Photo: Chris Brown, Cardiff Friends of the Earth
At the Planning committee yesterday all three councillors for Splott – Gretta Marshall, Huw Thomas, and Luke Holland – said that they believed enforcement action should be taken to stop Viridor’s unauthorised building of the Cardiff incinerator.
Gretta Marshall said that the “council should have taken enforcement action as soon as it realised that it had made an error” in issuing letters discharging some of the planning preconditions to Viridor. “Two wrongs don't make a right” and that the council should now take action.
Huw Thomas said that it was “deeply worrying that letters of discharge had been issued” by council officers to Viridor. He said that it was clear that “Viridor have not met preconditions”. The planning rules “are being flouted and we have the power to stop them”. “Failure to take enforcement action is de facto acquiescence” because it allows Viridor to continue building.
Luke Holland said the firm was developing the site ”at a pace which is almost as breathtaking [in its] arrogance” and that urgent action was needed.
The council’s Head of Planning, Phil Williams, told committee members that although Viridor had continued with the unauthorised works, council officers did not think enforcement action was appropriate because the detailed plans, including the pre-implementation conditions, were due to be discussed at the next planning committee meeting in February, and the issue could be resolved then.
He said that the council had “taken legal advice both internally and externally” but didn't say what they were told or who the external legal advisor was so it was impossible for the councillors to judge how good the advice was.
Despite some disbelief, no member of the committee challenged whether the Welsh planning guidance quoted by the him was the most appropriate test to apply in these circumstances. Given the total incompetence shown by the planning officers on this application so far this was a surprise.
Committee member Cllr Adrian Robson made it clear he was in favour of taking immediate action. The development was “not authorised as no decision had been made”. He said that the fact Viridor had made subsequent applications was irrelevant because they might withdraw them. He said it was “very clear” that the council “should be taking the enforcement option”.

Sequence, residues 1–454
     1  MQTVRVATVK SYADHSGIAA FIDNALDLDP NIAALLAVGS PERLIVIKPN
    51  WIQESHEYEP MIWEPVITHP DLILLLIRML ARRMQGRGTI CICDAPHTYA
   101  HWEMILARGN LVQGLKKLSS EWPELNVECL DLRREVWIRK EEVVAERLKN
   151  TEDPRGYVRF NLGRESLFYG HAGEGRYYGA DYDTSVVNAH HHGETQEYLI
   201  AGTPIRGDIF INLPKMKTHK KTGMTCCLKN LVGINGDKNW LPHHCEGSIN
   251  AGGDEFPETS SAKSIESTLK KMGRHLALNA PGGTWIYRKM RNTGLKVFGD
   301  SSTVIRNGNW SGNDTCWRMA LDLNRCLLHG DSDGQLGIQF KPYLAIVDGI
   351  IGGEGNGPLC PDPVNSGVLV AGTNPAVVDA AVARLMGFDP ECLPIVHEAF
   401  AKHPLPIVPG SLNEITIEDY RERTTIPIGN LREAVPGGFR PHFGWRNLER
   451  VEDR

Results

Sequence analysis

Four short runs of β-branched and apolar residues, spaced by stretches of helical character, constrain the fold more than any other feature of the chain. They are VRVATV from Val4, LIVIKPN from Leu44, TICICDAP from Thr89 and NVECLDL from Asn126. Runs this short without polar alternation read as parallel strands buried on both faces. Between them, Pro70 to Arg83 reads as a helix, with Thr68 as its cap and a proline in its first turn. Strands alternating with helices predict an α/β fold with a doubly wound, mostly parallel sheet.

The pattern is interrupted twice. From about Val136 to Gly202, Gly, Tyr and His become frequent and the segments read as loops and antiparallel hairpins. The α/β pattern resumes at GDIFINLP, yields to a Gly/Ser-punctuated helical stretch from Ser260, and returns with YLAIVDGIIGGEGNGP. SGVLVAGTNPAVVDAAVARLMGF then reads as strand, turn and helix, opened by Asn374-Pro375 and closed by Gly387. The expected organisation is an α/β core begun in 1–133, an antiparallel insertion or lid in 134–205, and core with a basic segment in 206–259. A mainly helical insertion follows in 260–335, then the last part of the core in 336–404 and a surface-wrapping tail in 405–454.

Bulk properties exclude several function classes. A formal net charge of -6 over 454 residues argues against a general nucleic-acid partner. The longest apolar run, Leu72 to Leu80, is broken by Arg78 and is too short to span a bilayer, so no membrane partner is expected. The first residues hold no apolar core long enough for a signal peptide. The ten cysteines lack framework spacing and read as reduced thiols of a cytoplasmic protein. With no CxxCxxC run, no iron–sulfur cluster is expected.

Cllr Graham Hinchey said that the start of development had not been authorised and voiced his support for immediate enforcement action.
Cllr Ali Ahmed said that if big companies like Viridor did not comply with planning conditions, how could the committee expect general members of the public to do so. He said that “we should take action now”.
However, Cllr Lyn Hudson said it was only a short amount of time before the application to discharge the pre-commencement conditions would come before the committee. “We are rushing things when we don't need to”.
Cllr Garry Hunt said it was clear that Viridor “have not cooperated” with the council on the enforcement of planning controls and that he felt instinctively that the council should act, but he was “not entirely convinced” that the council could sustain enforcement action at this time. He wanted to see the evidence on why the current work was causing unacceptable harm to the public amenity.
The committee voted to defer its decision to the February Committee meeting for a report for more evidence to be prepared.
Viridor continues to insist they are doing nothing wrong. Howard Ellard, Viridor’s business development director, said "Viridor has correspondence from Cardiff council stating that these matters have been discharged satisfactorily and fully" despite the council having written to them in November stating they are in breech of planning conditions.